The EASIEST OPTION - Don't Make Any Copies
Copyright issues with course materials usually arise because you're -making copies-. So, make life easy on yourself and your students by not making copies.
- If the readings are publicly available online, -link- to them, or even just share the website address on paper or via email.
- If the readings are available online via a University subscription, link to them. There are instructions on our website for doing this, or you can contact the Libraries Course Reserves Office - given enough lead time, staff members can create a linked list for you, that can even automatically show up in your Moodle site.
- Have students buy a book that already contains the relevant readings.
- Put books or journal issues containing the readings on reserve (physically) in the Libraries
- Share citations for the readings with the students
Please note, students may have trouble finding readings from citations; a subject specialist librarian may be able to come to your class to help students develop these skills.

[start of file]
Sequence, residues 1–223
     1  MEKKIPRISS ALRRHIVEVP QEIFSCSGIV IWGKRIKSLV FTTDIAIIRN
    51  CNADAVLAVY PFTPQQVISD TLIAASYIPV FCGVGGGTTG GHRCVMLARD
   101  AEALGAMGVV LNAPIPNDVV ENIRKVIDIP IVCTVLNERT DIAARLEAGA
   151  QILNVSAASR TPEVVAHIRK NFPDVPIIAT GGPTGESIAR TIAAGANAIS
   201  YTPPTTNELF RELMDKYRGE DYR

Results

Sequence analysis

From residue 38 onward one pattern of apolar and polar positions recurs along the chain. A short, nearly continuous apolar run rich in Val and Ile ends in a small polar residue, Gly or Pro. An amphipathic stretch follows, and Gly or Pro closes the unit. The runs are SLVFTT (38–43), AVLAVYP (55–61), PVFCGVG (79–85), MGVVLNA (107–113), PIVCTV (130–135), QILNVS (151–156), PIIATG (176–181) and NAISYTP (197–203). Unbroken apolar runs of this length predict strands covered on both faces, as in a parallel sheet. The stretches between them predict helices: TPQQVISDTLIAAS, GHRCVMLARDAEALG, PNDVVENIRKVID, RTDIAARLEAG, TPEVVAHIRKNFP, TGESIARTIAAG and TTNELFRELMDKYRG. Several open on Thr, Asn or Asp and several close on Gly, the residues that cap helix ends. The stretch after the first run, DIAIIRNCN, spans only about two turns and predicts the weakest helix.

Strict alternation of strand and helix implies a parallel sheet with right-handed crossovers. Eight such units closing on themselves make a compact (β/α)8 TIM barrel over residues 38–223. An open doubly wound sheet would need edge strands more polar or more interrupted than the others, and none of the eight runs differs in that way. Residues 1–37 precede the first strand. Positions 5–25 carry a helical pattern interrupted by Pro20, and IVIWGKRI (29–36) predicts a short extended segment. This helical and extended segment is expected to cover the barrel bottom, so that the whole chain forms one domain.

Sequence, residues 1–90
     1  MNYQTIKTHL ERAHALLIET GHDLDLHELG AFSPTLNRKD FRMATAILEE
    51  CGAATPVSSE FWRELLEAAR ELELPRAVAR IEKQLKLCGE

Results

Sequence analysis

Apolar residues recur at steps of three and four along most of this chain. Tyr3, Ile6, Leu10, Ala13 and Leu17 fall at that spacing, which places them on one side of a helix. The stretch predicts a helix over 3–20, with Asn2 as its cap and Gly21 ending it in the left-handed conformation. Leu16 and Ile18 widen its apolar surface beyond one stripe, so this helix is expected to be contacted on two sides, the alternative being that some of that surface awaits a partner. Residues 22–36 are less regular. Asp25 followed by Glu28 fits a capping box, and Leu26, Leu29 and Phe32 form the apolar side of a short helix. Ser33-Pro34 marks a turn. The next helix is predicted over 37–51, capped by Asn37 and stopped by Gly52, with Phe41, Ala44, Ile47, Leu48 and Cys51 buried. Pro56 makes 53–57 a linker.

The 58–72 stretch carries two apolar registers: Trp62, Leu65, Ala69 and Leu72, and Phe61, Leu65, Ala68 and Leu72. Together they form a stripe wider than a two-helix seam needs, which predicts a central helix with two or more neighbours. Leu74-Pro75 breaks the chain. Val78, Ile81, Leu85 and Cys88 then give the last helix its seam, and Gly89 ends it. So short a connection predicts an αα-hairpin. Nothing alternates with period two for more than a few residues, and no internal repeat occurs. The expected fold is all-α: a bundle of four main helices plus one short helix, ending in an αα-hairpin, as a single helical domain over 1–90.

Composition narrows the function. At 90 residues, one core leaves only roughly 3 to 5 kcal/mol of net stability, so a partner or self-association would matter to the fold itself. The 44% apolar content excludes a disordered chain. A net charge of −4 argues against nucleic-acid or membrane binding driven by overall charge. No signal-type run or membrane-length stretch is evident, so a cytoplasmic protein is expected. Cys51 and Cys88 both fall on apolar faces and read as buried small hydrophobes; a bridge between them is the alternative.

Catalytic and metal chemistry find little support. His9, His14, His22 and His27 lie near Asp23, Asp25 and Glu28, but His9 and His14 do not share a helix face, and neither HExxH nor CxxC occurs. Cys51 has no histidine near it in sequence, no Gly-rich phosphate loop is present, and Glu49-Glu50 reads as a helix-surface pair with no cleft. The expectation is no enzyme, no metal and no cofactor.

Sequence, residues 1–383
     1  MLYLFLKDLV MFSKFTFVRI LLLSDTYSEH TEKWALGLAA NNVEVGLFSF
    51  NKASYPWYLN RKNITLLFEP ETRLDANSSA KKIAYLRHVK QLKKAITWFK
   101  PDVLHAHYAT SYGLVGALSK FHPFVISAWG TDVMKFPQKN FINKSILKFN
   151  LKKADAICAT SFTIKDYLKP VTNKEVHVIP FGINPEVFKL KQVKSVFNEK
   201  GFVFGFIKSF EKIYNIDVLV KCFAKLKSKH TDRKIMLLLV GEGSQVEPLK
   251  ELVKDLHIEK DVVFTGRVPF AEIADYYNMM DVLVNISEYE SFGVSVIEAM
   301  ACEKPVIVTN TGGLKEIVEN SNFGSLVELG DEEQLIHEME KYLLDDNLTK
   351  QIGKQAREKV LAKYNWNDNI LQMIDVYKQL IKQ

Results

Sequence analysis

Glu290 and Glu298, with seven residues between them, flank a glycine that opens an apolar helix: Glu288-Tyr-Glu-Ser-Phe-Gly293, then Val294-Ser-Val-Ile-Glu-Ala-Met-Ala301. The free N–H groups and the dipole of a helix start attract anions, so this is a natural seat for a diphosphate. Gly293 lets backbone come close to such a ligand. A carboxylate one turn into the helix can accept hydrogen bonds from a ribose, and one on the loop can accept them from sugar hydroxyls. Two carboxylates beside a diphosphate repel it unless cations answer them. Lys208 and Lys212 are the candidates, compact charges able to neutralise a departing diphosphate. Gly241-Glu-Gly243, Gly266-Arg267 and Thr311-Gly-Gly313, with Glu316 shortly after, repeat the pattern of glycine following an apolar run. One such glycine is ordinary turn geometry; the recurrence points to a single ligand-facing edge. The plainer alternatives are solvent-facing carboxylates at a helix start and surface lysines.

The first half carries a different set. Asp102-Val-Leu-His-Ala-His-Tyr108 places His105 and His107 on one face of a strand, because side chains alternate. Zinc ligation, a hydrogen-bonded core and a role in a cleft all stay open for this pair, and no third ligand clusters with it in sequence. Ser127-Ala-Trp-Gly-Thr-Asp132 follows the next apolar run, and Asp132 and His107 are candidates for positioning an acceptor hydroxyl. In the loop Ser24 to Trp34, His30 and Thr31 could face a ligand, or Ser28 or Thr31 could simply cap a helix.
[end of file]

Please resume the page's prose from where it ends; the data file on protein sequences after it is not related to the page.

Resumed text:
How can you share course materials without making copies?
If you have to make copies to share course materials with your students, you will have to think about whether such copies are already permitted by law, or whether you will need permission from (and usually payment to) the copyright holder.
Fair use is a provision in the law that allows some copying without permission or payment. It is undoubtedly sometimes legal to make fair use copies of materials for students in a non-profit instructional environment - the text of the relevant statute mentions "multiple copies for classroom use." But is also undoubtedly true that not all non-profit instructional copies are fair uses.
At the University of Minnesota, instructors are trusted to make their own reasonable and informed choices about fair use. Which requires knowing something about how fair use works. You can learn more elsewhere on our website, or at a workshop.
Sometimes, there is no way to get students to a reading without making copies, and fair use doesn't seem to apply to the copying. Then, you may need permission to make the copies. (Or you may choose to find alternative course materials.
The Copyright Permissions Center can help University of Minnesota instructors process permissions for course materials. There is usually a fee involved for the students.